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I'm working on a project (for college) in C++. The goal is to write a program that can more or less simulate a beam of particles flying trough the LHC synchrotron.

Not wanting to rush into things, me and my team are thinking about how to implement this and I was wondering if there are general design patterns that are used to solve this kind of problem.

The general approach we came up with so far is the following:

  • there is a World that holds all objects
  • you can add objects to this world such as Particle, Dipole and Quadrupole
  • time is cut up into discrete steps, and at each point in time, for each Particle the magnetic and electric forces that each object in the World generates are calculated and summed up (luckily electro-magnetism is linear).
  • each Particle moves accordingly (using a simple estimation approach to solve the differential movement equations)
  • save the Particle positions
  • repeat

This seems a good approach but, for instance, it is hard to take into account symmetries that might be present (such as the magnetic field of each Quadrupole) and is this thus suboptimal.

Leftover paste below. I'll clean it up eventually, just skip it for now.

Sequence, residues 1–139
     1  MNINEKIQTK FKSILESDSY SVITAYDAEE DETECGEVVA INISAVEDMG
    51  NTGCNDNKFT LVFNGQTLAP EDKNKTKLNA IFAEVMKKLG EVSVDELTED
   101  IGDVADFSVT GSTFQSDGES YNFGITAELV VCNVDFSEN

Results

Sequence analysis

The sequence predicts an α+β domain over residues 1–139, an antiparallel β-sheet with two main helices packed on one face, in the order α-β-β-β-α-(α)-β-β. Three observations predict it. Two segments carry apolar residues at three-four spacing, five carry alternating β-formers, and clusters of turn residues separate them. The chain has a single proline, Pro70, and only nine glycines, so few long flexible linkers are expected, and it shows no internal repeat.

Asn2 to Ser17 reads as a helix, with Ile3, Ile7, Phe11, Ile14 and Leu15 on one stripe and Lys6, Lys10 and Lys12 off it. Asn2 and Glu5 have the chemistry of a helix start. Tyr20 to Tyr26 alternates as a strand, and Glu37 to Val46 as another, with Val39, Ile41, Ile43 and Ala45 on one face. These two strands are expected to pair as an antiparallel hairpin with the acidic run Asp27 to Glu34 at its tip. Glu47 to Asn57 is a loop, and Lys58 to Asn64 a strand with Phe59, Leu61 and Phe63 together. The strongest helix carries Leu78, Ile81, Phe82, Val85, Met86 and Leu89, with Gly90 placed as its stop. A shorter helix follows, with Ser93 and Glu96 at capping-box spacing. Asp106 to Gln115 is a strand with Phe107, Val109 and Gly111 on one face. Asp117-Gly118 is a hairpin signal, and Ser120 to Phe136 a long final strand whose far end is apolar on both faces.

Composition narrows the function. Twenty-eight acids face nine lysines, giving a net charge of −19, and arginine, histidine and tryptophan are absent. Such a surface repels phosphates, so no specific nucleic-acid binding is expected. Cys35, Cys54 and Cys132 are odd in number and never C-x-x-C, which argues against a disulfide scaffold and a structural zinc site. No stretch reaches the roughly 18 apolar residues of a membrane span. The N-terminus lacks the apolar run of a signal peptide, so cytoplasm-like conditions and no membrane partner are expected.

To take into account such symmetries as that of the Quadrupole field, it would be much easier to (also) make space discrete and somehow store form of the Quadrupole field somewhere. (Since 2532 or so Quadrupoles are stored this should lead to a massive gain of performance, not having to recalculate each Quadrupole field)

So, are there any design patterns? Is the World-approach feasible or is it old-fashioned, bad programming? What about symmetry, how is that generally taken into acount?

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If you can simulate the LHC why does the LHC exist? –  Pubby Mar 26 '12 at 20:41
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@Pubby: Because it is a long-standing belief that experiments are a necessary part of the scientific method. Many great thinkers have shown this, including Aristotle, Francis Bacon and Descartes. (BAM, went right into the troll-trap there) –  romeovs Mar 27 '12 at 6:21
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@Pubby: Because you can only simulate what's already understood? You cannot build a model of something you haven't even seen yet. –  sbi Mar 27 '12 at 7:01
    
@sbi: indeed, modelling/simulating is a good test for any scientific theory. –  romeovs Mar 27 '12 at 8:24

1 Answer 1

up vote 2 down vote accepted

Check into the graphics community for particle physics simulations. There are many existing patterns (physics solvers and such for particle systems), and it is a well-understood concept for that community, and there are many implementations. You will save yourself a great deal of time.

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